The ability to produce low-setting fire is an important feature to look out for when choosing your backpacking stove. Stoves running on wood, denatured alcohol, solid fuel tabs, and some canister fuels, however, lack this feature. They are equipped only with producing fire in high setting, which is good if you are just boiling water! This is where a backpacking stove heat diffuser comes in to save the day.
This cooking tool is placed between a heat source and a pan or pot to distribute heat and to reduce the intensity of the heat coming from the source. That is why heat diffusers are also called flame tamers. Without this neat instrument, camp food may turn out unevenly cooked or burnt.
The concept of using flame tamers goes a long way back in history. Our ancestors used stones, lava rocks, and balls of clay to regulate and distribute heat while cooking. So, just in case you left your heat diffuser at home, you can improvise and try these primitive ways of diffusing heat as well.
The Different Types of Backpacking Stove Heat Diffusers
Today, however, we don’t have to gather stones or make balls of clay to use them as heat distributors. We have a wide range of lightweight and compact heat diffusers to choose from made of various kinds of metals, including cast-iron, stainless steel, and aluminum. Based on design, we have two types of burner shields:
- Perforated heat diffuser. This flame tamer is made of one or two pieces of a flat metal sheet with holes in it. Some of these round heat deflectors are very flat, while others have concentric ridges. Most of this type of heat diffusers feature a heat-resistant handle for easy adjusting or removing.
- Solid heat diffuser. This simmer mat is often thicker than the perforated type. Aside from distributing heat evenly and adjusting it to a lower setting, this heat diffuser also protects the underside of pans from soot and damage.
Another useful feature of this item is that they somehow provide a more stable base for cookware. Thus, cups that barely fit onto the backpacking stoves’ pot or pan support can now rest securely with the flat base of the heat diffuser.
Furthermore, because heat deflectors often have wide diameters or widths, they also somehow extend a backpacking stoves’ capacity to accommodate larger-than-usual cookware. Of course, you still have to make sure that the top weight can be supported by the base.
And while not true for all types of heat diffusers, some will allow the use of ceramic or clay pots as well as glassware for cooking.
How to Make Your Own Backpacking Stove Heat Diffuser
If you’ve made your own wood burning or denatured alcohol stove, you can try your hands at creating your own stove heat diffuser. Here’s how to do it:
- Cut away the bottom of an empty #10 large tin can. Its diameter should be bigger than the perimeter of your stove’s pot stand so it can rest atop. You can opt to perforate the surface or not.
- Mark three spots around the outer circle. Space them equally away from each other.
- Next, drill a hole on each spot, and you are done. Or, you can proceed to step four to lift the pan a little from the diffuser so that they are not directly in contact with each other.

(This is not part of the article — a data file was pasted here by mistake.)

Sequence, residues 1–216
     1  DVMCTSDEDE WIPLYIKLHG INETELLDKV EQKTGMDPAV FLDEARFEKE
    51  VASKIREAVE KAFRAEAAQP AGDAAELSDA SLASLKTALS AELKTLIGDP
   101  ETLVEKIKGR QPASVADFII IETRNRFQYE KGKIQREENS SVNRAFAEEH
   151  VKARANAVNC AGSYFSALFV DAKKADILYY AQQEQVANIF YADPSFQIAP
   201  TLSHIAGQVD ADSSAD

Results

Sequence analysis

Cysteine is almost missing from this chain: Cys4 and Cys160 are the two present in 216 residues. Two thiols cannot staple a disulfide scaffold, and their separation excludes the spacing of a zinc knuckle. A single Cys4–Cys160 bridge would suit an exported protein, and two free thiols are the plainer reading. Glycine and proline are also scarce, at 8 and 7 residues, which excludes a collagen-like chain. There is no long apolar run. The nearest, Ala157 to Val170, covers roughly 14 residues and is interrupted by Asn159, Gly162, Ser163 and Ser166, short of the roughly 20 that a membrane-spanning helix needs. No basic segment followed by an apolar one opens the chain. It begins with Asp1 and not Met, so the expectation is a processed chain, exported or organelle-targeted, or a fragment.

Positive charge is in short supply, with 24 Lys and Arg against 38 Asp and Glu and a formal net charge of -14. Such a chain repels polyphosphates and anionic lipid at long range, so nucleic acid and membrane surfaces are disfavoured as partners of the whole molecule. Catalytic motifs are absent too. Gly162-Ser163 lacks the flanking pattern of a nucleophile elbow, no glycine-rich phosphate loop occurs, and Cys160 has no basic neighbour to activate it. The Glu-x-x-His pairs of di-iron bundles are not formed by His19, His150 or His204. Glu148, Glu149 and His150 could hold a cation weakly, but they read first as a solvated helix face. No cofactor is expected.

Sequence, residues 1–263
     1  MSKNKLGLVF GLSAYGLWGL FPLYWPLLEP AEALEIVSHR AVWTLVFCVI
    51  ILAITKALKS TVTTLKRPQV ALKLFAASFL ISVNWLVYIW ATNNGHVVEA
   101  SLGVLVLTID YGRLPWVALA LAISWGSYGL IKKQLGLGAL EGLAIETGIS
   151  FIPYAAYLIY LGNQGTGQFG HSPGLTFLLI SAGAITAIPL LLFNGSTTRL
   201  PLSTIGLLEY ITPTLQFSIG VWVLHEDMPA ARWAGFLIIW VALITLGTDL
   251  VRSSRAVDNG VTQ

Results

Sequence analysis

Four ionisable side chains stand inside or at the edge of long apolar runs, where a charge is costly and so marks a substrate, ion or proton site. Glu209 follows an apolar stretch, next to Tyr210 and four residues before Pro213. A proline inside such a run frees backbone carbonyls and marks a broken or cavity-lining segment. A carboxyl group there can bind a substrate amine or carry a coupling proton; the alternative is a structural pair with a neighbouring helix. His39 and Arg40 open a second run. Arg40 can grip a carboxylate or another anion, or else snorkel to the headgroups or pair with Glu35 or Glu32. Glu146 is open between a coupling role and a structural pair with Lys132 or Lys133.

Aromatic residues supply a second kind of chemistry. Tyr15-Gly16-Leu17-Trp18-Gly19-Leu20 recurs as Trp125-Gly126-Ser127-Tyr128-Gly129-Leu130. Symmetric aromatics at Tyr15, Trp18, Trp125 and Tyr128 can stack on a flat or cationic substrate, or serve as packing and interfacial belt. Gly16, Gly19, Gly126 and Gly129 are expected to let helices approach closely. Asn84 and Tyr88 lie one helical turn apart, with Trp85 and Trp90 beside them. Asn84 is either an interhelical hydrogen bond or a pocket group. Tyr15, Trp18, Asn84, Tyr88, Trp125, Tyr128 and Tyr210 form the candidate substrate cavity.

- Put a nut and bolt in each hole.
Voila! There you have it—your very own flame tamer!
Now, if you have no access to any metal sheet or tools to make your own burner shield or you are yet to buy a flame tamer, you can try these tricks in the meantime:
- Hack #1. When you are at the part where you are supposed to be working with low fire already and you can’t adjust the heat of your stove, remove your pot from the heat source. Cover the pot with its lid. Next, wrap a towel around the pot including the bottom to trap the heat in. Leave alone for 20-30 minutes.
This should save you some fuel, free up space on the stove for other items to cook and let you enjoy food cooked just right.
- Hack #2. Another way around the problem is to lift your pot a little from direct heat. This method requires pre-planning. Otherwise, you’d end up trying to hold the pot by yourself. Find a way to suspend the pot safely and securely using the things around you.
- Hack #3. This is the kind of hack that goes with a disclaimer that says follow at your own risk. This method applies to liquid-fuel stoves and involves reducing the pressure of your fuel bottle by pumping fewer times. It is perfectly alright if you do this at the start. But since you are doing this in between your cooking, you need to be extra careful.
So when you are ready to shift to slow cooking or simmering mode, remove the pot and turn off the valve and make sure the fire is put out. Now, wait for around five minutes for the fuel bottle to cool down.
Then, hold the bottle upright and release the pressure. Aside from making sure your fire is put out, you also would want to check no one’s cooking near you. Otherwise, the vapor from the bottle might catch fire and produce disastrous results.
When you have successfully released the pressure, close again the bottle and pressurize it with lesser strokes—around half or even less than that. Then, continue with the priming process and proceed with the simmering part of your cooking. Basically, the idea is that with less pressure on the fuel bottle, there will be less fuel flowing to the stove. And with less fuel, you get weaker fire, which is perfect for slow cooking.
Seriously, just get a backpacking heat diffuser. It will make your outdoor adventure less about making makeshift cooking tools and more about enjoying your trek—and good food on the side.